To control the flow of gas through the Geiger counters, the microcomputer may select either a high flow rate for purging the Geiger counters just after the installation of a carrier plate, or a low flow rate used to conserve gas consumption after the Geiger counters have been purged. For this purpose the bus interface 42 supplies a single-bit PURGE signal and a single-bit LOW FLOW signal to a flow controller 53 that includes, for example, a pair of solenoid valves which can be opened to provide either a high or low flow rate of gas into the inlet (27 in FIG. 2) of the gas distribution manifold (25 in FIG. 2).
The microcomputer may also select a particular value for the high voltage applied to the Geiger counters. To control the voltage, there is provided a high voltage supply 54 receiving an analog control voltage on a line 55 from a digital to analog converter 56. The digital to analog converter, for example, receives an 8-bit HV SEL signal to select from about 0 to 1,280 volts in 5 volt steps.
When the proper high voltage is applied to the Geiger counters, a radiation event causes a discharge detected as a negative-going pulse having a duration on the order of a few microseconds. The detector board 24 includes circuits 40 which convert this pulse into a pulse of relatively low and constant amplitude. Pulses from all of the detectors are applied to respective discriminators 57 which insure that all of the pulses above a predetermined threshold are converted to pulses having a fast rise time sufficient to clock respective counters 58. For each Geiger counter, there is provided a respective 16-bit binary counter that is addressable by the microcomputer through the bus interface 42. To prevent the 16-bit counters from overflowing, the counts accumulated in the counters are transferred to the random access memory in the processing unit 48 of the microcomputer 41. To insure that counts will be registered in the counters 58 only during a preselected counting interval, the counters 58 include a counter 59 functioning as a programmable timer, and the counter 59 is enabled to count a clock signal from the microcomputer 41 whenever the other counters 58 are enabled for counting radiation events detected by the Geiger counters. The counter 59, for example, is loaded with a number proportional to the duration of the counting interval, and the counter 59 counts down at 20 millisecond intervals until a count of zero is reached, whereupon a signal (INT) is sent to the microcomputer, and all of the counters 58 are thereafter inhibited from counting until the counter 59 is reloaded by the microcomputer to count during another counting interval.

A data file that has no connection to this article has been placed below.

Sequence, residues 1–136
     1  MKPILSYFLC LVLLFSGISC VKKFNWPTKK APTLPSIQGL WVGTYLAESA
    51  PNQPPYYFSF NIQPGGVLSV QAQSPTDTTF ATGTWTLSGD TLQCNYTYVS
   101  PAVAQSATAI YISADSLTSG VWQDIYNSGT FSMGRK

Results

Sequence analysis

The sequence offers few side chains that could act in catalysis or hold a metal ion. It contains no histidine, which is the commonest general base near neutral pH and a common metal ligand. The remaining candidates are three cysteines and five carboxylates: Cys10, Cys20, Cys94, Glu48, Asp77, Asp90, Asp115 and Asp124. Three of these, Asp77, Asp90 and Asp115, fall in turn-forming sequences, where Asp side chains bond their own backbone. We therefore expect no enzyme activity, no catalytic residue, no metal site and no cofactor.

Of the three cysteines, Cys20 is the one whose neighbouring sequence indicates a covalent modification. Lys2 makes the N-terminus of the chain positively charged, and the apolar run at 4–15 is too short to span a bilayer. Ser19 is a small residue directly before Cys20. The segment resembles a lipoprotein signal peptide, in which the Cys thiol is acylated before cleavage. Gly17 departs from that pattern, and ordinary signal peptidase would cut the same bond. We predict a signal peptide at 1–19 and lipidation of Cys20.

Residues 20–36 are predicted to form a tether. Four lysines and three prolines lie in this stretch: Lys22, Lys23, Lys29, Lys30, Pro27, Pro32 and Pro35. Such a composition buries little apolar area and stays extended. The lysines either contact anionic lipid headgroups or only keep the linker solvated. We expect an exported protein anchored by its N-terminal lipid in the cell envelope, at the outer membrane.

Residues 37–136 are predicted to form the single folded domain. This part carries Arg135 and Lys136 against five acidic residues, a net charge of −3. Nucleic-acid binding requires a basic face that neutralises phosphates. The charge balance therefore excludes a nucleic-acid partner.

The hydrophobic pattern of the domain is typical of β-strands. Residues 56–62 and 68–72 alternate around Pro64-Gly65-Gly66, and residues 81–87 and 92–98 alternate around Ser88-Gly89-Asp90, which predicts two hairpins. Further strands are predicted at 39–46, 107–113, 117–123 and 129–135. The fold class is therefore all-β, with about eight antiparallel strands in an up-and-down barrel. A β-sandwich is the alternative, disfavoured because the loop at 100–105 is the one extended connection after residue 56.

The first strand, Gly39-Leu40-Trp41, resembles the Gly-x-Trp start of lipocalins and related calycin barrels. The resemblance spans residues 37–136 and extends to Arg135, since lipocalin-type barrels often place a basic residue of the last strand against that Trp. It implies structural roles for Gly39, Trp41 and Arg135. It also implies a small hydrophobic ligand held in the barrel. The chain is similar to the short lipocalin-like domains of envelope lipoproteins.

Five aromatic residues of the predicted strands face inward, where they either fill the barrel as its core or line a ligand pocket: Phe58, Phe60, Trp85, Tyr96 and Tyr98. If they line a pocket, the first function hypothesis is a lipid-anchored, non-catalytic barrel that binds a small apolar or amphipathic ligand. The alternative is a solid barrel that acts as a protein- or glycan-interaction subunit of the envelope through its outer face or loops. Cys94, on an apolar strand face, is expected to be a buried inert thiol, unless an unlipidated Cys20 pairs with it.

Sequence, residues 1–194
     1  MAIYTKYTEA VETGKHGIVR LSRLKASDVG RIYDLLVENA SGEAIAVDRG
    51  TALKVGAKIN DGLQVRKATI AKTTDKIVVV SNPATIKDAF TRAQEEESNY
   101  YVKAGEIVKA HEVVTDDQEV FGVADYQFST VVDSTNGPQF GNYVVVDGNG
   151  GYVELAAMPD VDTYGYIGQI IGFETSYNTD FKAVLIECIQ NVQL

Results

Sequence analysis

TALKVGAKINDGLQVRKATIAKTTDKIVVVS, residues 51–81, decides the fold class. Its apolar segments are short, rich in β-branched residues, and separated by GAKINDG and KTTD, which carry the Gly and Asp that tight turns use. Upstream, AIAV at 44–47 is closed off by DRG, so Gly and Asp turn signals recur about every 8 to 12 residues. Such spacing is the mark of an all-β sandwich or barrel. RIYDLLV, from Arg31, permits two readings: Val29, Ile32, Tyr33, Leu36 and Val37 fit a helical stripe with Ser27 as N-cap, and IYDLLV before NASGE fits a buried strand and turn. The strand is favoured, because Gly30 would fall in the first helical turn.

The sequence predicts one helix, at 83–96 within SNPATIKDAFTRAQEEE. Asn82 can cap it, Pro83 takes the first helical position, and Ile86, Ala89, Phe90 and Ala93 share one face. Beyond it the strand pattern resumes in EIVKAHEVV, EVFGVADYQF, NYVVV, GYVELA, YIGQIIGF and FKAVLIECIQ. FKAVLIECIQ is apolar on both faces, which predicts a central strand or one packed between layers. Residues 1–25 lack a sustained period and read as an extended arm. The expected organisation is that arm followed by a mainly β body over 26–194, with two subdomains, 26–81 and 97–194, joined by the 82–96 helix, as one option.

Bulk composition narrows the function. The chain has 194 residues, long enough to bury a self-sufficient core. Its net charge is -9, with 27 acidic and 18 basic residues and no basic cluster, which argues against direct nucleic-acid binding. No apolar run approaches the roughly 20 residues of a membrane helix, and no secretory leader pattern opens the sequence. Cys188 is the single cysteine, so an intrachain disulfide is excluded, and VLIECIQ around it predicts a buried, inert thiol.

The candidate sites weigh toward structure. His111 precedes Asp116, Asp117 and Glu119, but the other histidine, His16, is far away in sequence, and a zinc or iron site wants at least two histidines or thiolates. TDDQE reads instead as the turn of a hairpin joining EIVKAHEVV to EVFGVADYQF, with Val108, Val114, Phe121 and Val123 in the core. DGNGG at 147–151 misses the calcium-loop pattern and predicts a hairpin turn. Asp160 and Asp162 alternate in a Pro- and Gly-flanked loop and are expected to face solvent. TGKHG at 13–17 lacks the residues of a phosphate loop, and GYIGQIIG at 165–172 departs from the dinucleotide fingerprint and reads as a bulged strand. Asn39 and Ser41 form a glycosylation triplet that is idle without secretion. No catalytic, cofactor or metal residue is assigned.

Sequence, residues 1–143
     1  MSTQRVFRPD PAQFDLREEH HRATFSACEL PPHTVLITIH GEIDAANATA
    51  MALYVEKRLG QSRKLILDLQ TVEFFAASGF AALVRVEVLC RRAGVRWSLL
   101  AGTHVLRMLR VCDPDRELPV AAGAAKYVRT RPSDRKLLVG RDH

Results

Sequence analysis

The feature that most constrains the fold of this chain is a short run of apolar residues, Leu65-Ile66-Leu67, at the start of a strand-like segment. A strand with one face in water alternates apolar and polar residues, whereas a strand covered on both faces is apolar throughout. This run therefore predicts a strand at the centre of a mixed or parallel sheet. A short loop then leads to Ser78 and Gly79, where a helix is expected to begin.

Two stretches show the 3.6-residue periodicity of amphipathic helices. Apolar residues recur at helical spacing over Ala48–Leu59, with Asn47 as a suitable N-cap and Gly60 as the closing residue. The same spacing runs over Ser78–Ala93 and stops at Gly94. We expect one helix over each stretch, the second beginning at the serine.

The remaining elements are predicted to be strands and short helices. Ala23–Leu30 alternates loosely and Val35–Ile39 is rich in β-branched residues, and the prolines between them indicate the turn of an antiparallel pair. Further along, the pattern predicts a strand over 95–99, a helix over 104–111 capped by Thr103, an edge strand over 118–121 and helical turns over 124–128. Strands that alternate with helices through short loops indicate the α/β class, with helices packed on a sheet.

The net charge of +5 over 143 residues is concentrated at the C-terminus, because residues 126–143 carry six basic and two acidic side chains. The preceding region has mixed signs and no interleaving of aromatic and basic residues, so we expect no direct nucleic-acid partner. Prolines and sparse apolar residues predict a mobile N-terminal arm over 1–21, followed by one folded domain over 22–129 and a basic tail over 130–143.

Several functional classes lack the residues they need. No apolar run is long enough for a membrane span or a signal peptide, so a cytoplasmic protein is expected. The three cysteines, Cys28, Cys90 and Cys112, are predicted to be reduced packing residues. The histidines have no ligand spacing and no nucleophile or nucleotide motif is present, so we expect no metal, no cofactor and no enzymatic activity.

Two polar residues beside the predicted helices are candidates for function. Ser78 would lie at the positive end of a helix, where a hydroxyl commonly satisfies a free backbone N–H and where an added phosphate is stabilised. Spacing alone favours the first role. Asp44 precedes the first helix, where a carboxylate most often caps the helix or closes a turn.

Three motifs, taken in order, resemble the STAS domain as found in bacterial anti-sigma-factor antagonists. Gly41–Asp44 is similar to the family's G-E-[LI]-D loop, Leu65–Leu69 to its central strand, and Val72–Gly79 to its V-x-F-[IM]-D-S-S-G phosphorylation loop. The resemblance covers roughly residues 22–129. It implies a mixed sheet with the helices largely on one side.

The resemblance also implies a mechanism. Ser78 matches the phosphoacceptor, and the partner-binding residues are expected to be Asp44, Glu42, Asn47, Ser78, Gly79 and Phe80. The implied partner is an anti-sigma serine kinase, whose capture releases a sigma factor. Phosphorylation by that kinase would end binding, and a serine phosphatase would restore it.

The radiometric analysis instrument 20 preferably has a number of features provided for the convenience of the user. The instrument, for example, has light emitting diodes 60 for indicating whether either a purge or low flow rate of gas is turned on, the high voltage power supply is turned on, and whether radiation events detected by the Geiger counters are being counted. Another option for the instrument 20 is a motor driven slide for sliding the carrier plate 22 into registration below the radiation measurement head 21. When a motor driven slide is used, for example, the carrier plate 22 need only be introduced from the front of the instrument and the radiation measurement head 21 need only be opened as shown in FIG. 1 for inspection, cleaning or maintenance. The motor driven slide option uses a motor driver 61 for driving a motor in a slide mechanism 62 in either a forward or reverse direction to load or unload a carrier plate. The slide mechanism 62 also includes limit switches to indicate when the carrier plate is fully loaded or unloaded in order to turn the slide motor off at the required times. To turn the slide motor on, the instrument 20 includes load and unload push button switches 63.